THE lights are to be turned off one day a week at one Camelford pub, and replaced with candles, in a desperate attempt to save on soaring energy bills.

Venues across Cornwall say they are struggling to survive with the increased costs making running an establishment difficult.

And some have had to come up with creative ways to stay afloat.

The Masons Arms in Camelford, has gone as far as to solely use candlelight on Mondays, to draw more punters in while keeping critical costs low.

Landlady, Kate Chawner-Woods has been pushed to the limit by skyrocketing energy bills, after her August statement increased from an average of £700 in 2018 to over £3,000 this year.

She said: “When I opened the electricity bill I thought ‘how are we going to cope’.

“It was really scary and we were so worried about how this winter was going to pan out - it’s a massive increase, our electricity bill isn’t much less than our rent now.”

An off-the-cuff comment from one of the local punters gave Ms Chawner-Woods the idea of candlelight Mondays.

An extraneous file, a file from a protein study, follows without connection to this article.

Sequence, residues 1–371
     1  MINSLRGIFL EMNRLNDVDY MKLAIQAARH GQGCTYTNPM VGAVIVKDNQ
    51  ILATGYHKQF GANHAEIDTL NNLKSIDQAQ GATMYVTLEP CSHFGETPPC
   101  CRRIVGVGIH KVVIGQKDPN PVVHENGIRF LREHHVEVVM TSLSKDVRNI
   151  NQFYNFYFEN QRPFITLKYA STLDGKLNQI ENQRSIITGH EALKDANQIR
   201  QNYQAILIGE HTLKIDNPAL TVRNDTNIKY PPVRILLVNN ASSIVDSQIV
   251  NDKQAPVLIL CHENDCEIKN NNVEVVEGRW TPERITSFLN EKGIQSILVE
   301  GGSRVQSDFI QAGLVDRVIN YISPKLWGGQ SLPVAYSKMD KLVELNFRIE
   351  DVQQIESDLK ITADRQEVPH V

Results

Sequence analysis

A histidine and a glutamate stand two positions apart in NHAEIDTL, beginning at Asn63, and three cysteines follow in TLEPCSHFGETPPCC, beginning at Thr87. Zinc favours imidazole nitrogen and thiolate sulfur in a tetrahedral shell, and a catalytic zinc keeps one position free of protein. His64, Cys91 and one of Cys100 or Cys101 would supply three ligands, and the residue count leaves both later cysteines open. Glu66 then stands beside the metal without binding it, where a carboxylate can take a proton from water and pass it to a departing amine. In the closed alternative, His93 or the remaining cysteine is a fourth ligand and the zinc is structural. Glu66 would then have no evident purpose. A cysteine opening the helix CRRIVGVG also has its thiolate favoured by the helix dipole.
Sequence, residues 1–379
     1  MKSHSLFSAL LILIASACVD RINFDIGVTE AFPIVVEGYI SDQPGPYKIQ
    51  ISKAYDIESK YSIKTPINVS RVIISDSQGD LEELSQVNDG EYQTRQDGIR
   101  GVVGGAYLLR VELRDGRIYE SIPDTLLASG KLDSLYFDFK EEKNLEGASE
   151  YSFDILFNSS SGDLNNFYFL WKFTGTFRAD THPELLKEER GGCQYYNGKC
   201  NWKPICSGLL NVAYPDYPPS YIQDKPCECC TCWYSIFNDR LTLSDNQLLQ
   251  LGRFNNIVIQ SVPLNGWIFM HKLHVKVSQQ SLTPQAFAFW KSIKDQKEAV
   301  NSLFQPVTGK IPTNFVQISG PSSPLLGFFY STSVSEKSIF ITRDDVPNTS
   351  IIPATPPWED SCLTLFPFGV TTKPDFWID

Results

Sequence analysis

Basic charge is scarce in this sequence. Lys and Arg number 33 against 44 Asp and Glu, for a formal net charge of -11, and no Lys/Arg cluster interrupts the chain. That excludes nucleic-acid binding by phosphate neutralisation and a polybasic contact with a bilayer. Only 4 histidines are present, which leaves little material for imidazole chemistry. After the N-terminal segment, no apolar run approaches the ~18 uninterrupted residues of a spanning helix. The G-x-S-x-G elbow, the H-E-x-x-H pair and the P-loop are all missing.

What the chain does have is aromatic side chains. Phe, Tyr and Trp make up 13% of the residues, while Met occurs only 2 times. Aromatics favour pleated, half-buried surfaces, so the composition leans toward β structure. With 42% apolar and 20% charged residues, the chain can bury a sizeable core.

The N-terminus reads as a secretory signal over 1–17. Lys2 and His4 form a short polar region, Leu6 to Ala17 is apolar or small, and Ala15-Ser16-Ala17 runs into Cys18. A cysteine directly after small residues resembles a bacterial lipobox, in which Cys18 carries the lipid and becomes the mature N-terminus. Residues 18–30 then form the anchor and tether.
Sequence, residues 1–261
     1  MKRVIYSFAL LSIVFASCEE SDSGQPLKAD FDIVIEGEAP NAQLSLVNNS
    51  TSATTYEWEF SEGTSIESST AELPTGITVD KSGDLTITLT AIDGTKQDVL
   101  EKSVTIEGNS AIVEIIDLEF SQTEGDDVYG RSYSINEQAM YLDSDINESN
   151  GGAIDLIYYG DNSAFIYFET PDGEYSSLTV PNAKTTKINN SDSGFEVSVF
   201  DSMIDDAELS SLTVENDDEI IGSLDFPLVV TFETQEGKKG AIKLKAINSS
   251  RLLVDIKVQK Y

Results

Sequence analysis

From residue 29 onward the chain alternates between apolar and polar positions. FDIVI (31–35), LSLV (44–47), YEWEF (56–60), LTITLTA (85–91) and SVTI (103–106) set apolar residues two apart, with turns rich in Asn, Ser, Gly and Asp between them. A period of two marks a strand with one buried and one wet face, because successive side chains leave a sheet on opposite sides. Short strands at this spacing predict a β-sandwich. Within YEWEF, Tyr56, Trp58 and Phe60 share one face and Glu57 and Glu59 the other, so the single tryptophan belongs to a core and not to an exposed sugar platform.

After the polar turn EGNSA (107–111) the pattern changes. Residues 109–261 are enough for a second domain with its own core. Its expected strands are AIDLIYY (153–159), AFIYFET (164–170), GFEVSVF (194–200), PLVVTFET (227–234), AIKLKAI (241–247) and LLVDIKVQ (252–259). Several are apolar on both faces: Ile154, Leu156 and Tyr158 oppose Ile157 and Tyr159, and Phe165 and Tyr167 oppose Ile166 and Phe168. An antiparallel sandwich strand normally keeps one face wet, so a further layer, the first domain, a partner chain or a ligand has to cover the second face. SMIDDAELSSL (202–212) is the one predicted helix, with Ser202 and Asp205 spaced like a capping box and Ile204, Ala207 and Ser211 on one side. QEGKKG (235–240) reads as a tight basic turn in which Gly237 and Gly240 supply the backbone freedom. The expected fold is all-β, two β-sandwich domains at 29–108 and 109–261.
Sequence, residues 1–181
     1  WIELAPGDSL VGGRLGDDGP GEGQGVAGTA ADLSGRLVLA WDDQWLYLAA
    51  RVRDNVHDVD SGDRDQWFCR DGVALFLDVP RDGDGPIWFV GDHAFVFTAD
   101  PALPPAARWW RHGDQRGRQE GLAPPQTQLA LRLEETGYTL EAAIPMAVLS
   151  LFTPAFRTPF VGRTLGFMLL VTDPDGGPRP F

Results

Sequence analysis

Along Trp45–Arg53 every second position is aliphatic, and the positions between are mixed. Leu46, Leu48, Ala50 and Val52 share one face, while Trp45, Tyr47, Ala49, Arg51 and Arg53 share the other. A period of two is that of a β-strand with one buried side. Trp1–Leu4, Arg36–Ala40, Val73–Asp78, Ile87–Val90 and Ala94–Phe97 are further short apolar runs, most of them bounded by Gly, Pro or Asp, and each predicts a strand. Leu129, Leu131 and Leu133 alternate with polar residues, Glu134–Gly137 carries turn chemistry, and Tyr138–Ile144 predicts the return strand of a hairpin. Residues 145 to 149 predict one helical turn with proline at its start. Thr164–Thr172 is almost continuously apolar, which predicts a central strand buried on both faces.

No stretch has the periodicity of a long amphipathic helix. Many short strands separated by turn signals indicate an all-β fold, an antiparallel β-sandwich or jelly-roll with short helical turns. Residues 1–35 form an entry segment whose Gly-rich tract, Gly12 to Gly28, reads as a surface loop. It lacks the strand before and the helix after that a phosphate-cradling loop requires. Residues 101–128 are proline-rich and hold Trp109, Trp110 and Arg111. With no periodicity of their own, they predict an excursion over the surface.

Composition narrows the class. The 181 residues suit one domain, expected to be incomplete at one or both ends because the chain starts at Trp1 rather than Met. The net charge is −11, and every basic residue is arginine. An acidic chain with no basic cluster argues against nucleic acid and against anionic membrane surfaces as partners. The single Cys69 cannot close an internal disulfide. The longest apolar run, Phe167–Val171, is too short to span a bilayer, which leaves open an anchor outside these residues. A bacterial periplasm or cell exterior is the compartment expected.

She said: “I was moaning and cursing when I got the bill through when one of the locals turned around and told me to just turn the lights out, go back to the way it used to be.

“So that got me thinking and now we’ve gone back to using only candles on a Monday, like how it would have been when the pub opened in 1753.

“At 6pm we cut out all the lights - people really like it, we had 65 covers last Monday which is far more than we’d usually get on a Monday in October.

“The atmosphere is great, everybody seems to like it - it’s romantic and people seem to talk to each other a lot more, it’s really lovely.”

It’s too soon to say how much money their new scheme will save them, but Ms Chawner-Woods predicts that their next bill could be four per cent less — despite heading into winter.

Other measures they’ve taken include changing all their lightbulbs to LED, cutting down on fridge and freezers and not using electric heaters in the winter months.

“The warmth of the candles actually means we don’t need the heating as much.” Ms Chawner-Woods said. “It was toasty in here last month, so if demand continues we want to do it on another weekday as well.

“It’s important that we do this because coming to the pub is a really important part of some of our locals lives.

“It’s hard for everybody right now, not just businesses - everyone is suffering.

“We want people to be able to come to the pub and spend some time in the warmth because it might actually be cheaper than heating their own homes.”